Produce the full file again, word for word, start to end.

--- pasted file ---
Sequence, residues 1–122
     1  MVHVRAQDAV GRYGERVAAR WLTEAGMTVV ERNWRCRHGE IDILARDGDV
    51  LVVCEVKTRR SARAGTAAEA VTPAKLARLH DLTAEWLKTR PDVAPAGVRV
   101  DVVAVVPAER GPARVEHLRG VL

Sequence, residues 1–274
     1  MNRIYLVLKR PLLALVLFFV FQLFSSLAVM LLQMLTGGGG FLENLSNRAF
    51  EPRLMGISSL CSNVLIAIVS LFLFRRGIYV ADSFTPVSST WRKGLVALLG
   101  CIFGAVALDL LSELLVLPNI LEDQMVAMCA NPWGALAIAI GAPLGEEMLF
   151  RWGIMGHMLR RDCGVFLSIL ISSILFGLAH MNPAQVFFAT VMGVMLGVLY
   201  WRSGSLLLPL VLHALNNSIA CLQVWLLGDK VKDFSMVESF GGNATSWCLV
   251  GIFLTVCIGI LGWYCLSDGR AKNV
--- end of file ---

Sequence, residues 1–122
     1  MVHVRAQDAV GRYGERVAAR WLTEAGMTVV ERNWRCRHGE IDILARDGDV
    51  LVVCEVKTRR SARAGTAAEA VTPAKLARLH DLTAEWLKTR PDVAPAGVRV
   101  DVVAVVPAER GPARVEHLRG VL

Sequence, residues 1–274
     1  MNRIYLVLKR PLLALVLFFV FQLFSSLAVM LLQMLTGGGG FLENLSNRAF
    51  EPRLMGISSL CSNVLIAIVS LFLFRRGIYV ADSFTPVSST WRKGLVALLG
   101  CIFGAVALDL LSELLVLPNI LEDQMVAMCA NPWGALAIAI GAPLGEEMLF
   151  RWGIMGHMLR RDCGVFLSIL ISSILFGLAH MNPAQVFFAT VMGVMLGVLY
   201  WRSGSLLLPL VLHALNNSIA CLQVWLLGDK VKDFSMVESF GGNATSWCLV
   251  GIFLTVCIGI LGWYCLSDGR AKNV